Personal ambition being thus restrained, and the cost of existence reduced to a minimum much below our Western ideas of the necessary, there were really established conditions highly favourable to certain forms of culture, in despite of sumptuary regulations. The national mind was obliged to seek solace for the monotony of existence, either in amusement or study. Tokugawa policy had left imagination partly free in the directions of literature and art — the cheaper art; and within those two directions repressed personality found means to utter itself, and fancy became creative. There was a certain amount of danger attendant upon even such intellectual indulgences; and much was dared. Æsthetic taste, however, mostly followed the line of least resistance. Observation concentrated itself upon the interest of everyday life, upon incidents which might be watched from a window, or studied in a garden, — upon familiar aspects of nature in various seasons, — upon trees, flowers, birds, fishes, or reptiles, upon insects and the ways of them, — upon all kinds of small details, delicate trifles, amusing curiosities. Then it was that the race-genius produced most of that queer bric-à-brac which still forms the delight of Western collectors. The painter, the ivory-carver, the decorator, were left almost untroubled in their production of fairy-pictures, exquisite grotesqueries, miracles of liliputian art in metal and enamel and lacquer-of-gold. In all such small matters they could feel free; and the results of that freedom are now treasured in the museums of Europe and America. It is true that most of the arts (nearly all of Chinese origin) were considerably developed before the Tokugawa era; but it was then that they began to assume those inexpensive forms which placed æsthetic gratification within reach of the common people. Sumptuary legislation or rule might yet apply to the use and possession of costly production, but not to the enjoyment of form; and the beautiful, whether shaped in paper or in ivory, in clay or gold, is always a power for culture. It has been said that in a Greek city of the fourth century before Christ, every household utensil, even the most trifling object, was in respect of design an object of art; and the same fact is true, though in another and a stranger way, of all things in a Japanese home: even such articles of common use as a bronze candlestick, a brass lamp, an iron kettle, a paper lantern, a bamboo curtain, a wooden pillow, a wooden tray, will reveal to educated eyes a sense of beauty and fitness entirely unknown to Western cheap production. And it was especially during the Tokugawa period that this sense of beauty began to inform everything in common life. Then also was developed the art of illustration; then came into existence those wonderful colour-prints (the most beautiful made in any age or country) which are now so eagerly collected by wealthy dilettanti. Literature also ceased, like art, to be the enjoyment of the upper classes only: it developed a multitude of popular forms. This was the age of popular fiction, of cheap books, of popular drama, of storytelling for young and old.... We may certainly call the Tokugawa period the happiest in the long life of the nation. The mere increase of population and of wealth would prove the fact, irrespective of the general interest awakened in matters literary and æsthetic. It was an age of popular enjoyment, also of general culture and social refinement.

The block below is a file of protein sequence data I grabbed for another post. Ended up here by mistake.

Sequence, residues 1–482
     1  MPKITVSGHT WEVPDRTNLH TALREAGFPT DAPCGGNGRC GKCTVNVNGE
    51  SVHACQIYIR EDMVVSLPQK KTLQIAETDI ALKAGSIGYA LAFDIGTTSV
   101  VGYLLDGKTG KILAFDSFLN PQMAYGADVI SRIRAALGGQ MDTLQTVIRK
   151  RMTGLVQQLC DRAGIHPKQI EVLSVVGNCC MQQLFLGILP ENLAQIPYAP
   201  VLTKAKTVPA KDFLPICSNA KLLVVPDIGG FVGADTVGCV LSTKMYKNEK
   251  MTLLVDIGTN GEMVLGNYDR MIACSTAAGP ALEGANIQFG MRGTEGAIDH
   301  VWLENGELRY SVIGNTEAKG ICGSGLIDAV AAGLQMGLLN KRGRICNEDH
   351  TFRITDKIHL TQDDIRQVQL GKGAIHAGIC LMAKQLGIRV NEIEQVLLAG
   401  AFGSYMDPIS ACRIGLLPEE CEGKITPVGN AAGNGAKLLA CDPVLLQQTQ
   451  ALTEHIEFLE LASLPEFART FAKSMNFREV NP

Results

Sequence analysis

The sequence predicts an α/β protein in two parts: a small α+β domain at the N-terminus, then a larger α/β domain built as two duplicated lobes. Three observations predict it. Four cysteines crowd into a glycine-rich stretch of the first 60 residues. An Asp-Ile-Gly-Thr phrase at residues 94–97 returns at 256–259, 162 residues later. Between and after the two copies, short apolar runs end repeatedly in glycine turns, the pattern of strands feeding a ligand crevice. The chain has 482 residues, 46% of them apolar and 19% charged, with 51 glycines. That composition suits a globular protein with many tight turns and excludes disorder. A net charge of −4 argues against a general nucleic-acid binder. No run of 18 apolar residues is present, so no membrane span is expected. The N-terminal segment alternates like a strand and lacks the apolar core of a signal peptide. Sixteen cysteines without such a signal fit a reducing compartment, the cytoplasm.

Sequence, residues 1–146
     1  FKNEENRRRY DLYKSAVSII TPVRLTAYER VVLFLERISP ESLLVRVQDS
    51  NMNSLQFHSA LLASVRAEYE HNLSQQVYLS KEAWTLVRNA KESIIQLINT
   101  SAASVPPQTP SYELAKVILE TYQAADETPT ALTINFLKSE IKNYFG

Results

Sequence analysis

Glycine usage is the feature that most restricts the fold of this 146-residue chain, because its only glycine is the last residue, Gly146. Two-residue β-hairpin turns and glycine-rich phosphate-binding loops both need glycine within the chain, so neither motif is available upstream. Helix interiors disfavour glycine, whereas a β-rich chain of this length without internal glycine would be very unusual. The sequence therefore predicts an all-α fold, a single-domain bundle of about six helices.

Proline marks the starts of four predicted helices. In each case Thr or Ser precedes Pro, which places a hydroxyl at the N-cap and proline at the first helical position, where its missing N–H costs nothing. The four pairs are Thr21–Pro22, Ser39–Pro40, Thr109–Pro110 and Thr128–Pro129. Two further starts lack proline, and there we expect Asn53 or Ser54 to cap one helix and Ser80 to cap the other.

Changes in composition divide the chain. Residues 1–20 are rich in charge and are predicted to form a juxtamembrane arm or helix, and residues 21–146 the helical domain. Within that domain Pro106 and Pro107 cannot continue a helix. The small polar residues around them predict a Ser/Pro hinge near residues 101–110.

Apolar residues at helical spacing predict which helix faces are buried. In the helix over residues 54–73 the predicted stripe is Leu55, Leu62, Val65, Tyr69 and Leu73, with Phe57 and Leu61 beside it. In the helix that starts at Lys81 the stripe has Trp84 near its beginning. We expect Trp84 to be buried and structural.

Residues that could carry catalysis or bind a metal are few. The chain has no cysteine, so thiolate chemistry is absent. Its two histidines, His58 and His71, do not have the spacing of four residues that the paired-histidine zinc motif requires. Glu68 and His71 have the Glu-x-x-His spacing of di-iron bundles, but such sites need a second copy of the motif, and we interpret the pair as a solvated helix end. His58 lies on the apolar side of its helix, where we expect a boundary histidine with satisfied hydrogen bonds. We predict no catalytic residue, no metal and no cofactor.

Customs spread downward from the top of society. During the Tokugawa period, various diversions or accomplishments formerly fashionable in upper circles only, became common property. Three of these were of a sort indicating a high degree of refinement: poetical contests, tea-ceremonies, and the complex art of flower-arrangement. All were introduced into Japanese society long before the Tokugawa régime; — the fashion of poetical competitions must be as old as Japanese authentic history. But it was under the Tokugawa Shōgunate that such amusements and accomplishments became national. Then the tea-ceremonies were made a feature of female education throughout the country. Their elaborate character could be explained only by the help of many pictures; and it requires years of training and practice to graduate in the art of them. Yet the whole of this art, as to detail, signifies no more than the making and serving of a cup of tea. However, it is a real art — a most exquisite art. The actual making of the infusion is a matter of no consequence in itself: the supremely important matter is that the act be performed in the most perfect, most polite, most graceful, most charming manner possible. Everything done — from the kindling of the charcoal fire to the presentation of the tea — must be done according to rules of supreme etiquette: rules requiring natural grace as well as great patience to fully master. Therefore a training in the tea-ceremonies is still held to be a training in politeness, in self-control, in delicacy, — a discipline in deportment.... Quite as elaborate is the art of arranging flowers. There are many different schools; but the object of each system is simply to display sprays of leaves and flowers in the most beautiful manner possible, and according to the irregular graces of Nature herself. This art also requires years to learn; and the teaching of it has a moral as well as an æsthetic value.